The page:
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Plate Tectonics II
Plate Tectonics II
Plate Tectonics II
Plate Tectonics II
Plate Tectonics II
Plate Tectonics II
Plate Tectonics II
Plate Tectonics II
Plate Tectonics II
Plate Tectonics II
Plate Tectonics II
Plate Tectonics II
Plate Tectonics II
Plate Tectonics II
Plate Tectonics II
Plate Tectonics II
Plate Tectonics II
Plate Tectonics II
Plate Tectonics II
Plate Tectonics II
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Plate Tectonics II

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  • 1. T- 1-855-694-8886 Email- info@iTutor.com By iTutor.com
  • 2.  Imagine a single plate, moving in one direction on Earth’s surface.  One edge of the plate—the divergent boundary—moves away from things.  The opposite edge—called the leading edge or convergent boundary bumps into anything in the way. © iTutor. 2000-2013. All Rights Reserved Plate Boundaries
  • 3. Plate Boundaries  An edge of a lithospheric plate that slides by another plate is called a transform fault boundary. © iTutor. 2000-2013. All Rights Reserved
  • 4. © iTutor. 2000-2013. All Rights Reserved Plate Boundaries
  • 5.  Divergent boundaries are found in the ocean as mid- ocean ridges.  A divergent boundary is the line between two plates where they are moving apart.  This type of boundary is found over the rising plume of a mantle convection cell.  Divergent boundaries can also be found on continents as rift valleys.  When a rift valley forms on land, it may eventually split the landmass. © iTutor. 2000-2013. All Rights Reserved Plate Boundaries
  • 6. Divergent Boundaries © iTutor. 2000-2013. All Rights Reserved
  • 7. Convergent Boundaries  When oceanic plates collide, one subducts under the other.  This forms a valley in the ocean floor called a trench. © iTutor. 2000-2013. All Rights Reserved
  • 8. Convergent Boundaries  There are three styles of convergent plate boundaries  Continent-continent collision  Continent-oceanic crust collision  Ocean-ocean collision Continent-continent Ocean-ocean collision Continent-oceanic © iTutor. 2000-2013. All Rights Reserved
  • 9. Convergent Boundaries Ocean-ocean collision © iTutor. 2000-2013. All Rights Reserved
  • 10.  The oceanic plate must subduct under the continental plate.  A continental plate is simply too buoyant to subduct under an oceanic plate. © iTutor. 2000-2013. All Rights Reserved Convergent Boundaries
  • 11. Collision of Nazca and south American Plates Continent- oceanic crust collision © iTutor. 2000-2013. All Rights Reserved
  • 12. Mountains And Convergent Boundaries  The continents cannot be sucked into the trench because their granite rocks.  The two continents collide!  Mountain ranges are formed when continents collide. © iTutor. 2000-2013. All Rights Reserved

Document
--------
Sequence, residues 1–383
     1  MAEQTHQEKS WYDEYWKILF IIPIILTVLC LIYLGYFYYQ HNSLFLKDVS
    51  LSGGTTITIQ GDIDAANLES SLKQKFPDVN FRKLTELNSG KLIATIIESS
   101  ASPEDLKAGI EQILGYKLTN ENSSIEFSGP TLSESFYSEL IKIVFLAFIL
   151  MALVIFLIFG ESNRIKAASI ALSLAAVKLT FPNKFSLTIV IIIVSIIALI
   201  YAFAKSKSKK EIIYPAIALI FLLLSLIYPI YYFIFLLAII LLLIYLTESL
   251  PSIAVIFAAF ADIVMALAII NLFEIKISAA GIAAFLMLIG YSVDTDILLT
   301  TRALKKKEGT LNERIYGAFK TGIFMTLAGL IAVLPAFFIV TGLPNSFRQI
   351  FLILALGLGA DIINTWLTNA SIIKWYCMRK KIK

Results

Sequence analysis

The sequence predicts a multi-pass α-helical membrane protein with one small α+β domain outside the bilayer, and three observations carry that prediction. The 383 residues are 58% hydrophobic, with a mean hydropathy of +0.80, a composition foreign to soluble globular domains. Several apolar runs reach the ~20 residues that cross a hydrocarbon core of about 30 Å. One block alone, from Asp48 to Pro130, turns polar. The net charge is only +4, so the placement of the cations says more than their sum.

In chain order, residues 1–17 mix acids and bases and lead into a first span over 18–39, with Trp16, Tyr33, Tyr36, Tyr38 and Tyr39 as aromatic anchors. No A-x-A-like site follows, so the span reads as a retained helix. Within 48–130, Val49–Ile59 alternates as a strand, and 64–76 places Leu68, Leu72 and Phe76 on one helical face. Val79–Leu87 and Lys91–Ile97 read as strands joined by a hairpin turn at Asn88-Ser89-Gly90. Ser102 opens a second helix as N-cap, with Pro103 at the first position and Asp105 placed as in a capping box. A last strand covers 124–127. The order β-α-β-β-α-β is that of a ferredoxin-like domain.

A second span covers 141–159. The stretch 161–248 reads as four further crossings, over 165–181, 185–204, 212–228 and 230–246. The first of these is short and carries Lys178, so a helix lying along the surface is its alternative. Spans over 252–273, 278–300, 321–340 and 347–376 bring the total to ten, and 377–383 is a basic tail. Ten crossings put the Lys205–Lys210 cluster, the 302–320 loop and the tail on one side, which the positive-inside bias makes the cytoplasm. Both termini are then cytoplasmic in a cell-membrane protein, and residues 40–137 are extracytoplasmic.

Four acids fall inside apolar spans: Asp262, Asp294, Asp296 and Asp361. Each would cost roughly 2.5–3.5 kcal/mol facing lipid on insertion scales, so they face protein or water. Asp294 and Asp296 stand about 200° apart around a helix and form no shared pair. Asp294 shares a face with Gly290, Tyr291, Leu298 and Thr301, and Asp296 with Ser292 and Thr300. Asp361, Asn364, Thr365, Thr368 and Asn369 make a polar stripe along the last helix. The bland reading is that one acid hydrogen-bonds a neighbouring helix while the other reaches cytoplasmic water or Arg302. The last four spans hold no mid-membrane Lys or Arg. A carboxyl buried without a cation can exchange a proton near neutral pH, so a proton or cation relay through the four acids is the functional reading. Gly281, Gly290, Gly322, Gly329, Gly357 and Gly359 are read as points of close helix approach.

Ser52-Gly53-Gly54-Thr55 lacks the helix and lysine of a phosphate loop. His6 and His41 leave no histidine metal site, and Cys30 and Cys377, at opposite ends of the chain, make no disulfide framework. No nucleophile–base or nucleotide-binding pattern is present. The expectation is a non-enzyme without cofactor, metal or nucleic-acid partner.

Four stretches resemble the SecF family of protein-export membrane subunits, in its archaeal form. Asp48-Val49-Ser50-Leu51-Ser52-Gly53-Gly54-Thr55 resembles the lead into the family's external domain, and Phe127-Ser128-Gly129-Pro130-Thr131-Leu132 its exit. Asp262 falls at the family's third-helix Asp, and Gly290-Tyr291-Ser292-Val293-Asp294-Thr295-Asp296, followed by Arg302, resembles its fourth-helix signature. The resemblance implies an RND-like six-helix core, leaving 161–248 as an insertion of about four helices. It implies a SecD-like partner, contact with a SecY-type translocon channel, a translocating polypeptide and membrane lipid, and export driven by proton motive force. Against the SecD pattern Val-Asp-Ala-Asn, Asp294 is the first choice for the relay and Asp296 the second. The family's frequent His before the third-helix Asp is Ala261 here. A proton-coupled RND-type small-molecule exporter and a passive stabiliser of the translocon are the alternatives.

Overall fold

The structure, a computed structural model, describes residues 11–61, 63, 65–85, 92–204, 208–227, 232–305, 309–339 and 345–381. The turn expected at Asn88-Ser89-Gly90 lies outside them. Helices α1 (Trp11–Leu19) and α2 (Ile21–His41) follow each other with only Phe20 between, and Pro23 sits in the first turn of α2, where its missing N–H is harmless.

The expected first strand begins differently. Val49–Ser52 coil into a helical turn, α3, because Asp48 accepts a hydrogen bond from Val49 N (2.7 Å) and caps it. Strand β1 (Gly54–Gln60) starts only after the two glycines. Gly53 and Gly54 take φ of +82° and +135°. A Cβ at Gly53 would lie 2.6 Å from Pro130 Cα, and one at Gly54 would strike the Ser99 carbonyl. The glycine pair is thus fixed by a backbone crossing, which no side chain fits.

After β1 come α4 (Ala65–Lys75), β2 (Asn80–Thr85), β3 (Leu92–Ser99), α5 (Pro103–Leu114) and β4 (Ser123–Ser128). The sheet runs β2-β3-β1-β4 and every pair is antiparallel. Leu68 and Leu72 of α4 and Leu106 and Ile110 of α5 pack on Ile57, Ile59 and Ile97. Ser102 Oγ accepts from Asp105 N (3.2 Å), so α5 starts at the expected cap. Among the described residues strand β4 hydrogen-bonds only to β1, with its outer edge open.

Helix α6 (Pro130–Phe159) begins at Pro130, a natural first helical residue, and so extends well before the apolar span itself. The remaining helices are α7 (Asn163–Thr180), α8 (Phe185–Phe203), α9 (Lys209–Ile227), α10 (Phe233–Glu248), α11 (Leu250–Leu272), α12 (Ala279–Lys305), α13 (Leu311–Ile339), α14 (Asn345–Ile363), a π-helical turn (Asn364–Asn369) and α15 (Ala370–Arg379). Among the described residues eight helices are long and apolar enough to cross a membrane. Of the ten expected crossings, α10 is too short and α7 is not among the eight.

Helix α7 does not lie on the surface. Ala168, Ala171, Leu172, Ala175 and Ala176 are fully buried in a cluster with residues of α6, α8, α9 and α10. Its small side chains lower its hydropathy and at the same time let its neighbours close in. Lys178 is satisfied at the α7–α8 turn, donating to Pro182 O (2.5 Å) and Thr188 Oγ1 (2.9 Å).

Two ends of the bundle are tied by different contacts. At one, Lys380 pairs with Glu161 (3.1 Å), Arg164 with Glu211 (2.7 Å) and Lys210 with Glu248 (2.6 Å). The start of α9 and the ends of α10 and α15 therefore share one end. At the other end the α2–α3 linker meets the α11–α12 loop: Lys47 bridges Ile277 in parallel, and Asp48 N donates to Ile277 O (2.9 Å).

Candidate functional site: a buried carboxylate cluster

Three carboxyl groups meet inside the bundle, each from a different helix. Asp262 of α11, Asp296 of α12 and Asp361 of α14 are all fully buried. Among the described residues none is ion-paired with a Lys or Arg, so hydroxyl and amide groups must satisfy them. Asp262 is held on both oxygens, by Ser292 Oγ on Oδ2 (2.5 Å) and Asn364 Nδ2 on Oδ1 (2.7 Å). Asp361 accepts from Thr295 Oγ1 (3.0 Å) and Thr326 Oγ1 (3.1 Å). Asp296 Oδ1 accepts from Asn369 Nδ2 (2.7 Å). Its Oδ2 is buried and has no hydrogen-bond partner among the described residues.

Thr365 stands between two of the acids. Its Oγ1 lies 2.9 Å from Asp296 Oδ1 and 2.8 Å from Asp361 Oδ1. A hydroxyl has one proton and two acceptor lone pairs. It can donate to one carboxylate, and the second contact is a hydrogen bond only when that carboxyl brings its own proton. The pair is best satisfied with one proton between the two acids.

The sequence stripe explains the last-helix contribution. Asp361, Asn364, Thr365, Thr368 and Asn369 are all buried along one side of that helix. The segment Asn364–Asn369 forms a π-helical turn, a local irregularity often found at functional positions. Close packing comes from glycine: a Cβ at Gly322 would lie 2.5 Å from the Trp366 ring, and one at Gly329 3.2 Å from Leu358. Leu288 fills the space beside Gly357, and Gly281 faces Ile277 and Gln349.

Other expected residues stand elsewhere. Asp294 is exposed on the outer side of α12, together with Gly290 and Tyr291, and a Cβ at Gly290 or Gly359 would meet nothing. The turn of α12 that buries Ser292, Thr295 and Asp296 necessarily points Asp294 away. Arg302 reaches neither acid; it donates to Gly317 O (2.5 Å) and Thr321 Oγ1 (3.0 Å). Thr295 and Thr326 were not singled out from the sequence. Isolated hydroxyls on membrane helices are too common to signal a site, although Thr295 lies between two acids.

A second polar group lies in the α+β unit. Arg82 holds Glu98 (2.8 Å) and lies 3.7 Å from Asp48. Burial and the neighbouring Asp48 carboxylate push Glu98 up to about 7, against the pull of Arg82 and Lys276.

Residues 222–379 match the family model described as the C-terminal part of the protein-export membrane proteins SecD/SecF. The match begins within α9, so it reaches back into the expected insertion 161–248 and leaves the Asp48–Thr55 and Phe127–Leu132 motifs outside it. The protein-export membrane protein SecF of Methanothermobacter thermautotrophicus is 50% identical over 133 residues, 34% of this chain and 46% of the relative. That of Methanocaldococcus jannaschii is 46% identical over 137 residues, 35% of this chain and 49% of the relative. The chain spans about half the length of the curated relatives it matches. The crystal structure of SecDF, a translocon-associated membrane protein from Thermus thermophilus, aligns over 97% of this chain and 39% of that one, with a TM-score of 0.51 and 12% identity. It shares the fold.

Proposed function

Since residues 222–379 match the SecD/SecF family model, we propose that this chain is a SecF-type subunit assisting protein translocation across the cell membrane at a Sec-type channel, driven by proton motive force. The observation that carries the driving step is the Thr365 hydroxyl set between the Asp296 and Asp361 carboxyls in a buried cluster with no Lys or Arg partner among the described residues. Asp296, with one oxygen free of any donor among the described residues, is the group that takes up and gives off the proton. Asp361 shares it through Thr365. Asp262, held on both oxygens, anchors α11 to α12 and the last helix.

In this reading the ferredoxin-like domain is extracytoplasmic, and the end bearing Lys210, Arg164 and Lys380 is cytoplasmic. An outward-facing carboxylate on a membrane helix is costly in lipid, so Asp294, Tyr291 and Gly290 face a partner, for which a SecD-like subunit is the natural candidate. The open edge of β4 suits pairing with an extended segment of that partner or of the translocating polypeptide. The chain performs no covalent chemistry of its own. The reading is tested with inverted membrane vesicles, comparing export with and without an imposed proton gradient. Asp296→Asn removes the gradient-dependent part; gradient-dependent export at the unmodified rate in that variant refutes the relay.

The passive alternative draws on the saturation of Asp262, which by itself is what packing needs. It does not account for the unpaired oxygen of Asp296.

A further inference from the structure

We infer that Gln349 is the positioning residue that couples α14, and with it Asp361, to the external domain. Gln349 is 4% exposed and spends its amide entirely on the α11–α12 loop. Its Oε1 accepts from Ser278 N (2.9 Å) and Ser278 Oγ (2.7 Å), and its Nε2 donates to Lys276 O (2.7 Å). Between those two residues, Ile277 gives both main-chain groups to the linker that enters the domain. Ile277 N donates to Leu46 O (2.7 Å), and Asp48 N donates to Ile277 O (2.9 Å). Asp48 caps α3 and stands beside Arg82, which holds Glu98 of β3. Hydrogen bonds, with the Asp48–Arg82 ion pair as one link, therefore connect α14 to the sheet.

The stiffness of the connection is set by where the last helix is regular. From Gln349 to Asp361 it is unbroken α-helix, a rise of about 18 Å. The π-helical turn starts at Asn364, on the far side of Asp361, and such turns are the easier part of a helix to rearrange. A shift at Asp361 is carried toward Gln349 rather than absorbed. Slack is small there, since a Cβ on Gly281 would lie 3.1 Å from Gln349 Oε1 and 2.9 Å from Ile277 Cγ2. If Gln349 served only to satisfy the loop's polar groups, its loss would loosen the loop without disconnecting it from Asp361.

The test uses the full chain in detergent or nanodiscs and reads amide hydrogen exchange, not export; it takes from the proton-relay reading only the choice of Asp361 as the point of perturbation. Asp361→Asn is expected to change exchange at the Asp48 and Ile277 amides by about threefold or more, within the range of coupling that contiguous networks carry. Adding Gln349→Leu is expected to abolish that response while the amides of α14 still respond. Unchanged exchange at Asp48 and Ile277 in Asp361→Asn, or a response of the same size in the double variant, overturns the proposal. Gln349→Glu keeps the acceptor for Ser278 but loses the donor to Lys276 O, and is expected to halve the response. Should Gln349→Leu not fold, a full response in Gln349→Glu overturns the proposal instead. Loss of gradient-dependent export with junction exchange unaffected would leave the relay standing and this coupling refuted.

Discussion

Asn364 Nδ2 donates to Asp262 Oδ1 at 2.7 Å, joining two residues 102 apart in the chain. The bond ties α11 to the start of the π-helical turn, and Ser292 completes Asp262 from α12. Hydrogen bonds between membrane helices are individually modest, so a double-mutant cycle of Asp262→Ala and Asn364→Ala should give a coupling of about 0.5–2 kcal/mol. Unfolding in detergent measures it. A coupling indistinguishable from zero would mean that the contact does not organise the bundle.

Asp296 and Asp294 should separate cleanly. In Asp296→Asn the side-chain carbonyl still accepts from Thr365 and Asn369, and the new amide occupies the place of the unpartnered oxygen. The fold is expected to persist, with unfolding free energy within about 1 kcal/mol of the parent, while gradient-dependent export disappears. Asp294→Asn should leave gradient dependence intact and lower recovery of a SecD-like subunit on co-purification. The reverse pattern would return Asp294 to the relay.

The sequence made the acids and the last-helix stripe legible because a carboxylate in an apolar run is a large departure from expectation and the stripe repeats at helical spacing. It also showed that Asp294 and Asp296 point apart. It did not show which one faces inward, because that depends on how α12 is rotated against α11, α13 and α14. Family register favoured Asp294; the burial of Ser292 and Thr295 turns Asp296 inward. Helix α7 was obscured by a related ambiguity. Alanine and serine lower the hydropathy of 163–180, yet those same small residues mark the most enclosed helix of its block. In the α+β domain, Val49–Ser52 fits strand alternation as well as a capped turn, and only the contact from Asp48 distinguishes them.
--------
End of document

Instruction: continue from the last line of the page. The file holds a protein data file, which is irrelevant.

• 13. Formation of Himalayas  India used to be an island, but about 15 million years ago it crashed into Asia (see map).  As continental crust was pushing against continental crust the Himalayan mountain belt was pushed up.  ―Mountains‖ were also pushed down into the mantle as the normally 35 km thick crust is approximately 70 km thick in this region. Mt Everest is the highest altitude mountain on our planet standing 8,840 meters high. This means that below the surface at the foot of the mountain the crust is a further 61 km deep!! © iTutor. 2000-2013. All Rights Reserved
  • 14. Transform Boundaries  Where plates slide past each other  The third type of boundary are transform boundaries, along which plates slide past each other.  The San Andreas fault, adjacent to which the US city of San Francisco is built is an example of a transform boundary between the Pacific plate and the North American plate. © iTutor. 2000-2013. All Rights Reserved
  • 15. Transform Fault Boundaries  A good clue for locating transform faults is offsetting.  When seen from above, the feature will appear to make a zig – zag . © iTutor. 2000-2013. All Rights Reserved
  • 16. Slickenslides, evidence of plate boundaries  The effect of rock moving against rock is evidence of plate boundaries.  The rock surface moving to the right is called slickensides because it is smooth and polished. © iTutor. 2000-2013. All Rights Reserved
  • 17. © iTutor. 2000-2013. All Rights Reserved
  • 18.  Hot mantle plumes breaching the surface in the middle of a tectonic plate What are Hotspot Volcanoes? The Hawaiian island chain are examples of hotspot volcanoes. © iTutor. 2000-2013. All Rights Reserved
  • 19. Where do earthquakes form? Figure showing the tectonic setting of earthquakes
  • 20. The End Call us for more Information: www.iTutor.com 1-855-694-8886 Visit

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